- Chronic Hepatitis
- Liver Cancer
- Alcoholic Liver Disease
- Autoimmune Liver Disease
- Primary Biliary Cirrhosis
- Nonalcoholic Fatty Liver Disease
- Liver Lesions
- Primary Sclerosing Cholangitis
Nonalcoholic Fatty Liver Disease
Non-alcoholic fatty liver disease (NAFLD) is the accumulation of excess fat in the liver of people who drink little or no alcohol. Obesity is the most common cause of the disease. Risk factors include having high blood-fat levels, either triglycerides or LDL ("bad") cholesterol, diabetes, or high blood pressure. This disease is common, and symptoms such as fatigue, upper-right abdominal pain, and weight loss may arise sometimes due to NAFLD.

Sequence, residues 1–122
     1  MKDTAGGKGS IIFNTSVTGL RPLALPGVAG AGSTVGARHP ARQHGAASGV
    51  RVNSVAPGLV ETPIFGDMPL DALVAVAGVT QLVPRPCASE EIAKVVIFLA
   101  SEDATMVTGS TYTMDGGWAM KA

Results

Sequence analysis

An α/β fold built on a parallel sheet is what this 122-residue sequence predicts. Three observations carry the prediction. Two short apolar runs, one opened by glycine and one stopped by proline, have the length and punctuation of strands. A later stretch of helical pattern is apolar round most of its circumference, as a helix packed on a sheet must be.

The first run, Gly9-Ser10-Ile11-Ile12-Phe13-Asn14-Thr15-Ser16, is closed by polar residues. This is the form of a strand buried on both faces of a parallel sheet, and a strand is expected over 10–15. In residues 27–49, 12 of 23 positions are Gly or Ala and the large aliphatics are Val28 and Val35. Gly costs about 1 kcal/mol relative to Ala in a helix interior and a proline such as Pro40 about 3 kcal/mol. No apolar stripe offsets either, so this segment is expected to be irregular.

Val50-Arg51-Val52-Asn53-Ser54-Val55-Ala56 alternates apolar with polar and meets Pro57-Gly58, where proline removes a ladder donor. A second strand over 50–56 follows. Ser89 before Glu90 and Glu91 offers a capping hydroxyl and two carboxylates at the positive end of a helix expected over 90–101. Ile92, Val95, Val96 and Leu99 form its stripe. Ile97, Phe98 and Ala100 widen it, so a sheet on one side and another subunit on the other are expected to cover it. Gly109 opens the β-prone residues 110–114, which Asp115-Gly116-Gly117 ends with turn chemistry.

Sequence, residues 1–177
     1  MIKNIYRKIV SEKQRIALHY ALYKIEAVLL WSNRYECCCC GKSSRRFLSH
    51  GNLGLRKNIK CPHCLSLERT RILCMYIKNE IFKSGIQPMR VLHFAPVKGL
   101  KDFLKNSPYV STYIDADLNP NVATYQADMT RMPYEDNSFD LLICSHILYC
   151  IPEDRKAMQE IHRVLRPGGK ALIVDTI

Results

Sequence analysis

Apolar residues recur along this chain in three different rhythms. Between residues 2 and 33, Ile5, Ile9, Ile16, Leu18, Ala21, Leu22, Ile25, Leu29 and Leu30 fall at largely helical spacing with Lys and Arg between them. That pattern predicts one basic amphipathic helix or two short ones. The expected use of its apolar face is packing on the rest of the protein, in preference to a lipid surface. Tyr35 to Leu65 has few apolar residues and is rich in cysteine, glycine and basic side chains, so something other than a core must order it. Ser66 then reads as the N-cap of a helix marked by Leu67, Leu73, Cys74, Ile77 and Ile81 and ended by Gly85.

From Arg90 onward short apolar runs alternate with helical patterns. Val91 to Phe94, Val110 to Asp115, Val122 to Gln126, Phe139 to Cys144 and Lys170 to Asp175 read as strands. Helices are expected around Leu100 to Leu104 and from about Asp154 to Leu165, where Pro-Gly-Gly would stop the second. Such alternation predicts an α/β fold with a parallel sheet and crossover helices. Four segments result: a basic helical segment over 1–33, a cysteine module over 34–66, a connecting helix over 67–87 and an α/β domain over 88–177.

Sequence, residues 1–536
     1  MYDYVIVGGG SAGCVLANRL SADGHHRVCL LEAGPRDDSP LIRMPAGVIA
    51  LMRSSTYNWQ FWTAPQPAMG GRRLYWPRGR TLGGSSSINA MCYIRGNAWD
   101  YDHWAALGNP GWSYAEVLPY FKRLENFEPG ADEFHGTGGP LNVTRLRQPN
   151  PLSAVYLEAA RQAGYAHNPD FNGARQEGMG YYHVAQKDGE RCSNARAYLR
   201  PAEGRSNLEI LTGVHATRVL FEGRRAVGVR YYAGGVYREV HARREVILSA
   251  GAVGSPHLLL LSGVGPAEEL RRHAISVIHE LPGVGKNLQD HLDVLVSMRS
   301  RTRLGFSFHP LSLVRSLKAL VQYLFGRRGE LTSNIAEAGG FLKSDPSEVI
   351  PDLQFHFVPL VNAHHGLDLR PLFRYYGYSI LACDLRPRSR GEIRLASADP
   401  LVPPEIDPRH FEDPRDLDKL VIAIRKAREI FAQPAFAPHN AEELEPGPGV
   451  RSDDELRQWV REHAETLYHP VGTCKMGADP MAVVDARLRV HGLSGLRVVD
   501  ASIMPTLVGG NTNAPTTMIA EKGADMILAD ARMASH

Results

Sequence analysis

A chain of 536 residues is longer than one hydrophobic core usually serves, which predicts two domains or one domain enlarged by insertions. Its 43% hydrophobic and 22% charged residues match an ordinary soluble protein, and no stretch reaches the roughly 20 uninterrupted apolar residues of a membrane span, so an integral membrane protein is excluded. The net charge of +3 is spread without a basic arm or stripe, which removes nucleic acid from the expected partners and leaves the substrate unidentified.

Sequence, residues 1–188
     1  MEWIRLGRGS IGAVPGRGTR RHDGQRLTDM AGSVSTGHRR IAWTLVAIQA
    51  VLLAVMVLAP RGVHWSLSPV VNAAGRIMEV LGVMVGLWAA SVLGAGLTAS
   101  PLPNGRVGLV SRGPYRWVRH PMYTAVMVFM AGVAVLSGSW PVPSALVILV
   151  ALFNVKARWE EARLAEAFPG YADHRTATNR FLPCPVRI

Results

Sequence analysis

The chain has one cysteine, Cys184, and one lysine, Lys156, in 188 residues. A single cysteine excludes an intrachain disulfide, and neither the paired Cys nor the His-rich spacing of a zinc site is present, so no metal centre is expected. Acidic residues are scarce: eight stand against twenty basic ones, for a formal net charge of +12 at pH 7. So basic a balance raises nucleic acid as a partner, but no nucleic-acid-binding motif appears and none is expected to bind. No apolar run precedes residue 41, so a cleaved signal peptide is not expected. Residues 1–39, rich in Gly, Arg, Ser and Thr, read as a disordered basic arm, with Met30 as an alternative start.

Some people with NAFLD have fat that accumulates and causes scarring and inflammation in the liver. This type of NAFLD sometimes is called nonalcoholic steatohepatitis (NASH). Cirrhosis related to NAFLD can occur, and NAFLD also can lead to liver failure. Losing weight, lowering bad cholesterol, reducing blood pressure, controlling diabetes, avoiding alcohol use, and limiting over-the-counter drugs through lifestyle changes or medications are recommended as a treatment for NAFLD.